Article Text

AB0868 A Descriptive Retrospective Study of Juvenile Idiopathic Arthritis Patients with Treated Biological
  1. H. Moruno-Cruz1,2,
  2. M.L. Romero Bogado1,
  3. P. Pretel Ruiz1,
  4. A. Pérez Gόmez1,
  5. D. Clemente Garulo2,
  6. A. Turriόn Nieves1,
  7. A. Movasat1,
  8. C. Bohorquez1,
  9. E. Cuende1,
  10. F. Albarrán1,
  11. A. Sánchez1,
  12. J.C. Lόpez Robledillo2,
  13. M. Άlvarez-Mon1
  1. 1Immune System Diseases - Rheumatology Service, “Principe de Asturias” Universitary Hospital, Alcalá de Henares
  2. 2Pediatric Rheumatology Service, “Niño Jesús” Universitary Children's Hospital, Madrid, Spain


Background Biologic drugs are a mainstay in the treatment of juvenile idiopathic arthritis (JIA). The early use of these drugs allows controlling disease activity avoiding its consequences and improving the quality of life of patients. We know the main characteristics of our cohort of JIA patients treated with biologics.

Objectives To describe the main characteristics of patients and biological treatments received during the last 5 years (2010–2015) in a pediatric unit of a children's hospital.

Methods Retrospective descriptive analytical study of patients diagnosed with JIA (as proposed by ILAR nomenclature) receiving biological treatment from 1 January 2010 to 30 June 2015. Data from medical records collected from patients who biological treatment received. Statistical analysis performed on SPSS.19.0 program.

Results Total 105 patients treated with biological drugs in the last 5 years, 2/3 female (67 girls, 64%), 1/3 male (38 boys, 36%), mean age at diagnosis 5.3 years (DE ±3.95años). The distribution of JIA: Oligoarticular arthritis 40% (42 patients). Polyarticular RF negative arthritis 22.9% (24 patients). Enthesitis-Related arthritis 15.2% (16 patients). Systemic 14.3% (15 patients). Polyarticular RF positive arthritis 3.8% (4 patients). Psoriatic arthritis 3.8% (4 patients).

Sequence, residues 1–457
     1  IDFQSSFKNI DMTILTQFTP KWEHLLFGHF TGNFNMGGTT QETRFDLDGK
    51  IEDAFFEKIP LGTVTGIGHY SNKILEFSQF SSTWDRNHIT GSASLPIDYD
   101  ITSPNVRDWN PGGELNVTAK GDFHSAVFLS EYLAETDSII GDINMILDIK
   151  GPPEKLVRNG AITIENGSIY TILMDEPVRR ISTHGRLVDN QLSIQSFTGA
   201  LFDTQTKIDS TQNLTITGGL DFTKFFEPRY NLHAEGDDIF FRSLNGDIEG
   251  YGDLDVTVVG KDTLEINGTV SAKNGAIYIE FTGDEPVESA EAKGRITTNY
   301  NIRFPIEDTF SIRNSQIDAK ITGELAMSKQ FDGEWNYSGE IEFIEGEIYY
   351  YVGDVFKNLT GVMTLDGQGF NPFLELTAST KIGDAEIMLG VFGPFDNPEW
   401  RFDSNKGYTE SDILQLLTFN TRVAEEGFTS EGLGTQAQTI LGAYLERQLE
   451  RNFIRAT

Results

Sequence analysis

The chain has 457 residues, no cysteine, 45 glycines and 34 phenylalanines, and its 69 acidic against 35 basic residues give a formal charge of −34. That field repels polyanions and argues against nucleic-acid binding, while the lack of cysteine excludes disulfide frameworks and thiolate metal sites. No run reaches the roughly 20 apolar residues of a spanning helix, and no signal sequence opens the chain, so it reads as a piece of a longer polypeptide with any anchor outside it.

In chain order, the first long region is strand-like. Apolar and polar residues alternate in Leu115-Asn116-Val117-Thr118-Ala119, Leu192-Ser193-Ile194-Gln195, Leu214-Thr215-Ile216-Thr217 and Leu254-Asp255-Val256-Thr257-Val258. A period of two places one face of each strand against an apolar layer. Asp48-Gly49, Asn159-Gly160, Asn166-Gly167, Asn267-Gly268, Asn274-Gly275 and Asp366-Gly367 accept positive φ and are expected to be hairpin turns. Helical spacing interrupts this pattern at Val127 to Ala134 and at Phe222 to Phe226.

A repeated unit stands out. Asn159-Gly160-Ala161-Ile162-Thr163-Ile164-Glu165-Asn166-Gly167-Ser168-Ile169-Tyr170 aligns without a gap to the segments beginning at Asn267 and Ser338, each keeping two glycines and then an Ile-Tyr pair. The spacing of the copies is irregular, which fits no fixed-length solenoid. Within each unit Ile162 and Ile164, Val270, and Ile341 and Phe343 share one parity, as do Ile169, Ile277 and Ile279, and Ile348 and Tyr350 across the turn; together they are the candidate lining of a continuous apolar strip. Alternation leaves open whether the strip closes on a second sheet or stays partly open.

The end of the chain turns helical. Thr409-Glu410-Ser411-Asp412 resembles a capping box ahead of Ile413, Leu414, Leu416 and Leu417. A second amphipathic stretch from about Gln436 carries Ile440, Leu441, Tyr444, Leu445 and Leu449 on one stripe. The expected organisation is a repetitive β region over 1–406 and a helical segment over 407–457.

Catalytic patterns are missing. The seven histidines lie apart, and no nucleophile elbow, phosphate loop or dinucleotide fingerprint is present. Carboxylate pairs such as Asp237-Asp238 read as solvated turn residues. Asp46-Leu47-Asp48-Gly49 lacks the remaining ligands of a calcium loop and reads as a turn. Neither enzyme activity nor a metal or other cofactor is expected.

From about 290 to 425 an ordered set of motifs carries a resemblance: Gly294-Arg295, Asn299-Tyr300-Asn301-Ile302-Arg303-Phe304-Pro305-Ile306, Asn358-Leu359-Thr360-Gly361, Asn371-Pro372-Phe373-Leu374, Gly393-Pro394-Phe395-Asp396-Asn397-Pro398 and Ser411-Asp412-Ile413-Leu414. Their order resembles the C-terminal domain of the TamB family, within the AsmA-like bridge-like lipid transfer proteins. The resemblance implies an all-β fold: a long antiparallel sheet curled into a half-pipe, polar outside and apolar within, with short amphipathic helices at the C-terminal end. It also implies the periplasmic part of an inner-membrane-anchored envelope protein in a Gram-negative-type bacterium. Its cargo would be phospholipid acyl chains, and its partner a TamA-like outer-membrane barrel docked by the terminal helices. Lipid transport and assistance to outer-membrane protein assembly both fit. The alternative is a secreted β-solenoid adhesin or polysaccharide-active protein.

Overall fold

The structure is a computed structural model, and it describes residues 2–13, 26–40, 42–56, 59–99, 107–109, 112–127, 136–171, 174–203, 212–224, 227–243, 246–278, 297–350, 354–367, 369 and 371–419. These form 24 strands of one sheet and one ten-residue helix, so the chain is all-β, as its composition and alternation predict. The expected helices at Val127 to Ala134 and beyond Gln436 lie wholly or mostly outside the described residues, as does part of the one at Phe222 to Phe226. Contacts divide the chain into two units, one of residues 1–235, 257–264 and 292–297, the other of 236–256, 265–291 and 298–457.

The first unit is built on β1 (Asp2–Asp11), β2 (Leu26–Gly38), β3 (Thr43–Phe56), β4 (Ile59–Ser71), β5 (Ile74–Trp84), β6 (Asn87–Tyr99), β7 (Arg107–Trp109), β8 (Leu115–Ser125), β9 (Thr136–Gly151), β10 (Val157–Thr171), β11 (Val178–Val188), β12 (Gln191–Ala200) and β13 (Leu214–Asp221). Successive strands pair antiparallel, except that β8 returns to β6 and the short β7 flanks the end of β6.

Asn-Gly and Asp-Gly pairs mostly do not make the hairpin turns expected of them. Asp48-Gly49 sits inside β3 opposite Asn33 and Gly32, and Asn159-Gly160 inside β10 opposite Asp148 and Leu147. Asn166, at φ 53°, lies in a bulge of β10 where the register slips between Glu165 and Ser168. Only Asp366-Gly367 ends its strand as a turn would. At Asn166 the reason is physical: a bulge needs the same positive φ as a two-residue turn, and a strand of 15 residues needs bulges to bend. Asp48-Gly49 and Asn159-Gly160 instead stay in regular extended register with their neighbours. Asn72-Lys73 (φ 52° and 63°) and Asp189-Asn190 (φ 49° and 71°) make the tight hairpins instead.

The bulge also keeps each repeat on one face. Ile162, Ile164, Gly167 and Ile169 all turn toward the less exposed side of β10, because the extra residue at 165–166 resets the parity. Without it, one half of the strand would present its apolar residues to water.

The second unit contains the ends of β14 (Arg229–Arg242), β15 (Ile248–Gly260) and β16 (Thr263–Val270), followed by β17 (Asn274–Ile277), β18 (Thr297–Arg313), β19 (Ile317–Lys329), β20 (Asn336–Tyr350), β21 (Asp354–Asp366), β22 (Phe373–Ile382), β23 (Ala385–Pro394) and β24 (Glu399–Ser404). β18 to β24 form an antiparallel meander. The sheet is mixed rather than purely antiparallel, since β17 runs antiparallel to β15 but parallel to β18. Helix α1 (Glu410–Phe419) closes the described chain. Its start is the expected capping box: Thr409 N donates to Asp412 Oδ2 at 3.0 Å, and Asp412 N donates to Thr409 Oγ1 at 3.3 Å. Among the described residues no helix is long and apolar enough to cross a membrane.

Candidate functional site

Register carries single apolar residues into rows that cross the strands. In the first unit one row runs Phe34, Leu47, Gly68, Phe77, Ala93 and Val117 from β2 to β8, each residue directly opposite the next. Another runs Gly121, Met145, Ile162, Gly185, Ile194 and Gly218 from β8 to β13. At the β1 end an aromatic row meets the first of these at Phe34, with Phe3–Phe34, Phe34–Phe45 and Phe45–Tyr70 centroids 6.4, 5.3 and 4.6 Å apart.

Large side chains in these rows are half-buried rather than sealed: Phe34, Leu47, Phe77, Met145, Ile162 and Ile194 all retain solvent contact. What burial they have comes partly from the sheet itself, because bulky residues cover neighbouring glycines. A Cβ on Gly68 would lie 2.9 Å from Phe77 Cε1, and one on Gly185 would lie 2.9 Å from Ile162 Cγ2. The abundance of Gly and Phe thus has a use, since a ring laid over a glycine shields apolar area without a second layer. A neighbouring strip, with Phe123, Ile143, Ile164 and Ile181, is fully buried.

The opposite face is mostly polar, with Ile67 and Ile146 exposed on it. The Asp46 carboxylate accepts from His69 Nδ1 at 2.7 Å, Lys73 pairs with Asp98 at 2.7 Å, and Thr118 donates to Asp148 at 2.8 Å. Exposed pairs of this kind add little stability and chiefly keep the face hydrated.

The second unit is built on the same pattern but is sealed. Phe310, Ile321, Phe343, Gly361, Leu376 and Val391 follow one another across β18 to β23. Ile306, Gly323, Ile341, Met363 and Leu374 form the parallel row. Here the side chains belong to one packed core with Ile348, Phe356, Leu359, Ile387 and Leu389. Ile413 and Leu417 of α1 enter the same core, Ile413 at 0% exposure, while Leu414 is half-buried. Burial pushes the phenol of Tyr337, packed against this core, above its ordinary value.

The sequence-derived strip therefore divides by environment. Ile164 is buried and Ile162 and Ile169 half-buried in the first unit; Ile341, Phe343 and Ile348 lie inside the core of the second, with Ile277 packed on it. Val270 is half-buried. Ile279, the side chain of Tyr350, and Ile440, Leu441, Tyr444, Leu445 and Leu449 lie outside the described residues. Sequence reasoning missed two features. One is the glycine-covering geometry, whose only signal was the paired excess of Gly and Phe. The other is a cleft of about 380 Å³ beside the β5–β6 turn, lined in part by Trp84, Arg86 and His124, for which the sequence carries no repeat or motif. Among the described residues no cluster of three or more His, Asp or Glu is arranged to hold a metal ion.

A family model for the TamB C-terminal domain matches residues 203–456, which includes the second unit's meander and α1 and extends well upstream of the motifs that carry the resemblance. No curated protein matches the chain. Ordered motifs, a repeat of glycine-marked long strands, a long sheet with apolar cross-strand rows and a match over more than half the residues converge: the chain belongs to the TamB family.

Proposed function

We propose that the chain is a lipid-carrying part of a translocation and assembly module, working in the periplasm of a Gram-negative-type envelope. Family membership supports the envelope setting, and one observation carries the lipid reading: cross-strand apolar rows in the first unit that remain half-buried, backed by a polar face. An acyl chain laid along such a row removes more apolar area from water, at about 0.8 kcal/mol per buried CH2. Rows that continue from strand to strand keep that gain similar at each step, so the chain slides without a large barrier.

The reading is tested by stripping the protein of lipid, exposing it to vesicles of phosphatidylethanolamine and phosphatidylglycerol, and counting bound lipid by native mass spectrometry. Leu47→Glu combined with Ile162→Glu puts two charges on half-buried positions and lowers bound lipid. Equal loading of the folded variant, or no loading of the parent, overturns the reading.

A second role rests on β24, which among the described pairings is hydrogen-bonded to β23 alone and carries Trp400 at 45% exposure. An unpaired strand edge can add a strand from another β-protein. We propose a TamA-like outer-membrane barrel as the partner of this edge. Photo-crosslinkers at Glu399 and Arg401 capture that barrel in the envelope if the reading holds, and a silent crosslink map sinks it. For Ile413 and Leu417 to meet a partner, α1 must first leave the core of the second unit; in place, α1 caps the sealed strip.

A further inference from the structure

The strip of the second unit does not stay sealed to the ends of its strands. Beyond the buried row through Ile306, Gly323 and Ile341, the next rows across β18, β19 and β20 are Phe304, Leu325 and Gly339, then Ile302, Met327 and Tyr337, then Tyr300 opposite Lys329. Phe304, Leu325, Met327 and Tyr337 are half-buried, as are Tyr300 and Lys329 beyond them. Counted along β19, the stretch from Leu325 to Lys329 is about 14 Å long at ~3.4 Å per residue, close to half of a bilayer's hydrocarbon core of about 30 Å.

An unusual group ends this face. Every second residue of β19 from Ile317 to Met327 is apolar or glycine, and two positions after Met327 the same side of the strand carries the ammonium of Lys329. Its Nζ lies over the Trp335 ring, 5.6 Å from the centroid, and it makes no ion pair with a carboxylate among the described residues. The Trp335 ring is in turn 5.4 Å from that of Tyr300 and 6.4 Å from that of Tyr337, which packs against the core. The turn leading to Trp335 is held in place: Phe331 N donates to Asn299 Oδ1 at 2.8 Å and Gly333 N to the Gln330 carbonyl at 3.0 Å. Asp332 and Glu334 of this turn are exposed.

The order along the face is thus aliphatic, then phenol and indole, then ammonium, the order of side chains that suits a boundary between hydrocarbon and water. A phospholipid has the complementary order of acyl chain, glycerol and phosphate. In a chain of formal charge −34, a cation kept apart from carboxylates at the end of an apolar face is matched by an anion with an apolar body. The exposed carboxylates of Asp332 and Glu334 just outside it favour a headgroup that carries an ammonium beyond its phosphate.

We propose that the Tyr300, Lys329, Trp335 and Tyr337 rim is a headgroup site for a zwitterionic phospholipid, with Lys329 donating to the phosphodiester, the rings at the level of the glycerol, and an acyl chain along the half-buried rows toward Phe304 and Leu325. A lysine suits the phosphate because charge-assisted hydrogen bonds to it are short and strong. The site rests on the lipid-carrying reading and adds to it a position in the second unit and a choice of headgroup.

Patients with positive antinuclear antibodies (ANA) 24.8% (26 of 105 patients).

Of the patients 32.2% (34 patients), i.e. 1/3 had uveitis, of these 41% (14 patients) had positive ANA.

Initial treatment with methotrexate 78.1% (82 patients), methotrexate maintained 56.2 (59 patients), with adalimumab 37.1% (39 patients), etanercept 16.2% (17 patients), tocilizumab 2.9% (3 patients).

Total received 123 biological treatments: adalimumab 49 (39.8%), etanercept 47 (39.2%), tocilizumab 16 (13%), anakinra 8 (3.5%) and canakinumab 3 (2.4%). Overall median time of monitoring 33.3 months (SD ±22.4 months). Continue with the drug 54 (43.9%), decrement regimen 50 (40.7%), replaced by inefficiency 15 (12.2%) (adalimumab 3, etanercept 4, anakinra 3, tocilizumab 5), suspended for toxicity 4 (3.3%) (anakinra 3, adalimumab 1). No deaths recorded.

Conclusions The clinical features in this cohort of JIA patients treated with biologics are similar to those described in other “general series” that do not distinguish the type of treatment.

The biological treatments used most often are etanercept and adalimumab, both with similar percentages (mainly in non-systemic JIA). The most commonly used drugs in systemic JIA are anakinra, tocilizumab and canakinumab.

The biological treatments appear to be safe based on what has been described: few drugs had to be replaced by toxicity, and was not recorded death by the treatment or the disease itself.

Disclosure of Interest None declared

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